Many International Flights Resume, But Ash Forces Closures in Sweden and Norway
The new airspace restrictions applied to northern Scotland and parts of southern Norway, Sweden and Finland, said Kyla Evans, spokeswoman for Eurocontrol, the European air traffic agency.
But nearly all of the continent's 28,000 other scheduled flights, including more than 300 flights on lucrative trans-Atlantic routes, were expected to proceed. Every plane was packed, however, as airlines squeezed in some of the hundreds of thousands of travelers who had been stranded for days among passengers with regular Thursday tickets.
Airlines said there was no quick solution to cut down the backlog of passengers, for most flights were nearly full anyway, and no other planes were available.
"Quite frankly we don't have an answer to this," said David Henderson, spokesman for the Association of European Airlines.
Some passengers got a break. Authorities chartered a luxury cruise ship -- the Celebrity Eclipse -- to pick up 2,200 tourists in the northern Spanish port of Bilbao on Thursday and bring them back to England. A British Royal Navy ship arrived in Portsmouth late Wednesday, carrying 440 troops coming home from Afghanistan and 280 civilians back from Bilbao.
Many planes flying between the United States and Europe were assigned flight paths above the ash cloud that still covered the area east of Iceland. Flying at over 35,000 feet kept the planes well above the current maximum altitude of the ash, which lingered at 20,000 feet.
The Swedish aviation authority said airspace is still open over the capital Stockholm, but closed over the southern cities of Goteborg and Malmo. Spokesman Bjorn Stenberg said changing winds meant the ash cloud over Sweden hadn't dispersed as forecast.
Meanwhile, new ash clouds were blowing in over western Norway, where Stavanger and Bergen airports were closed.
The weeklong airspace closures caused by the ash threat to aircraft represented the worst breakdown in civil aviation in Europe since World War II. This led to the cancellations of more than 100,000 flights, with airlines on track to lose over $2 billion.
The aviation crisis that began with an April 14 volcanic explosion left millions of passengers in limbo, and the uncoordinated closures of airspace by national governments sparked calls a the wholesale reform of Europe's air traffic management system.
In Iceland itself, the Eyjafjallajokull volcano threw magma chunks the size of cars into the air on Wednesday and sent powerful shock waves into the air as an Associated Press reporter, photographer and television crew flew over in a helicopter.
In a black crater in the middle of a glacier, red magma thrashed about, propelling steaming blobs of lava onto the surrounding ice. Every so often charges of gas -- which surge from deep inside the mountain through the magma and cause tremors 15 miles (25 kilometers) away -- exploded in a fireworks show of molten rock. The air shivered with a constant, menacing growl, like a perpetual clap of thunder.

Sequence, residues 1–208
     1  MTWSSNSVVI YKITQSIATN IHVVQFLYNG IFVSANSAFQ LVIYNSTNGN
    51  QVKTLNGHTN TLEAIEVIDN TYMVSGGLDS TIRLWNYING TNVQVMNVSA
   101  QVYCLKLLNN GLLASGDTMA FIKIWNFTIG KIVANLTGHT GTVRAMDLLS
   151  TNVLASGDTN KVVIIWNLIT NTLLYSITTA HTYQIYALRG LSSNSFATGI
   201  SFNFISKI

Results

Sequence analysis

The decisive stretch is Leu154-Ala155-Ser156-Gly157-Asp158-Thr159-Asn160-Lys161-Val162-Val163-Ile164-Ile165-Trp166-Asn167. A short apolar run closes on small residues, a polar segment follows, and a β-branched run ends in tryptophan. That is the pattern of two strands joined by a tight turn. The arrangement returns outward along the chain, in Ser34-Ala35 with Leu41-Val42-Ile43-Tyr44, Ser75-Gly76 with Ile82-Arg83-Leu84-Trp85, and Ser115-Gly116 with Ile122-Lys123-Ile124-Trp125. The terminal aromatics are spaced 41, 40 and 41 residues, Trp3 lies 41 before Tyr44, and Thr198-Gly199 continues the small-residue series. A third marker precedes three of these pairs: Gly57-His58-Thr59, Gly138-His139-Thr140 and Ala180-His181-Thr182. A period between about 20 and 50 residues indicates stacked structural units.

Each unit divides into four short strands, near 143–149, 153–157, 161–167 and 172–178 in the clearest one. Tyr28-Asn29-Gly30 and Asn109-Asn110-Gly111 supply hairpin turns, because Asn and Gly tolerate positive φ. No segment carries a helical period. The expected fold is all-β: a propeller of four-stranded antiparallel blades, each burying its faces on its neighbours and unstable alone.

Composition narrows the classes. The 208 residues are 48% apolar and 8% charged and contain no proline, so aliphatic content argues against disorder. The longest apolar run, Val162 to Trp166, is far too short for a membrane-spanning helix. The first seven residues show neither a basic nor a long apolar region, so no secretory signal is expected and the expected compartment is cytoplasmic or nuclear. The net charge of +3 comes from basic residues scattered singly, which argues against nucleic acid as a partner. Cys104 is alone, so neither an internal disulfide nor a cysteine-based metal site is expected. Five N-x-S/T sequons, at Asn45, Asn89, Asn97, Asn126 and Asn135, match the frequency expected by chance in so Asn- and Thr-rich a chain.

Bolts of lightning shot through the fumes and an eerie glow pervaded the pit of fire.
In response to the flight disruptions, the European Union said it was stepping up work on a new management system known as the "Single European Sky" that will largely erase national borders in the sky.
The volcanic ash crisis "exposed serious flaws and that is something that probably cannot be ignored much longer," EU spokeswoman Helen Kearns said.
The EU has 27 national air traffic control networks, 60 air traffic centers and hundreds of approach centers and towers. The airspace is a jigsaw puzzle of more than 650 sectors.
In contrast, the U.S. air traffic management system is twice as efficient. On any given day, it manages twice the number of EU flights for a similar cost but from only about 20 control centers.
European governments and civil aviation authorities defended their decisions to ground fleets and close the skies -- and later to reopen them -- against heated accusations by airline chiefs that the decisions were based on flawed data or unsubstantiated fears.
The International Air Transport Association has called on the EU to quickly compensate airlines for lost revenue, much like the U.S. government did following the 9/11 terror attacks.
IATA also called for the EU's stringent passenger rights regulations -- which force airlines to pay for hotels and meals costs in cases of routine flight delays -- to be relaxed to reflect the extraordinary nature of the crisis.
Military aviation also was partly paralyzed, although NATO took the precaution of moving its Boeing E-3A early warning radar planes to southern Italy. From there they were able to conduct high-altitude surveillance missions considered critical to the alliance's air defenses.
"Military flying within the UK was brought to a complete halt other than search-and-rescue sorties," said Glenn Sands from Air Forces Monthly, a specialized British publication.
"For those undergoing pilot training ... the ash cloud has caused a significant delay in their training schedule resulting in the next class of pilots graduating ceremony being moved back by a number of weeks."
Lekic is an AP aviation writer based in Brussels. Piovano reported from Iceland. Associated Press writers Robert Wielaard in Brussels and Malin Rising in Stockholm also contributed to this report.